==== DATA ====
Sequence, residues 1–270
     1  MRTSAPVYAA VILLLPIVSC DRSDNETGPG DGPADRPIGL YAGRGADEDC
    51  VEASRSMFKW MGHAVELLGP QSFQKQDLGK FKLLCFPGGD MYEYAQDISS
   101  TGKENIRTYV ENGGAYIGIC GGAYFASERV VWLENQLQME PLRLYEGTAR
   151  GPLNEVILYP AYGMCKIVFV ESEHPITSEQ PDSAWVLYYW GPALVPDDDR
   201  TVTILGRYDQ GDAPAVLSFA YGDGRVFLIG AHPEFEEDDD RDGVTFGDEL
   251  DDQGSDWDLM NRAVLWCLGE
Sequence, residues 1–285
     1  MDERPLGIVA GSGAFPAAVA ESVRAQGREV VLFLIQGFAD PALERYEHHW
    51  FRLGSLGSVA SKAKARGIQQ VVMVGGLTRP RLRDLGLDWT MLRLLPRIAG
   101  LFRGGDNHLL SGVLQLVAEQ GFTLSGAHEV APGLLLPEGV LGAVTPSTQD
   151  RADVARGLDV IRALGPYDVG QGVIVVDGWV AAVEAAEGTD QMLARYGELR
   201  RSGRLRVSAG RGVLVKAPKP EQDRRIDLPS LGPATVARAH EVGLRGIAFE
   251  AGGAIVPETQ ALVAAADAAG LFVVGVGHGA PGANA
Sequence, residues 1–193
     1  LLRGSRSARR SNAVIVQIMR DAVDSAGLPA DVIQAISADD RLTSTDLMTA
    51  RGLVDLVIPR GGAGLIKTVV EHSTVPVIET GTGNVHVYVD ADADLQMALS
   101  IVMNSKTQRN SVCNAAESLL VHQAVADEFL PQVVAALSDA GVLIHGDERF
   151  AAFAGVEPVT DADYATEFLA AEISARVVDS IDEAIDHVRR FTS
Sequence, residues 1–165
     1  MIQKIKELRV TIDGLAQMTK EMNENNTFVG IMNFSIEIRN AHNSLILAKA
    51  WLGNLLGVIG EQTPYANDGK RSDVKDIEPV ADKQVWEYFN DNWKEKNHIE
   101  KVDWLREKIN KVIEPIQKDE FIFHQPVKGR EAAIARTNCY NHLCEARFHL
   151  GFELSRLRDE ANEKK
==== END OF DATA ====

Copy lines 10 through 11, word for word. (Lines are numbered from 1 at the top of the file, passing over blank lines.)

    51  FRLGSLGSVA SKAKARGIQQ VVMVGGLTRP RLRDLGLDWT MLRLLPRIAG
   101  LFRGGDNHLL SGVLQLVAEQ GFTLSGAHEV APGLLLPEGV LGAVTPSTQD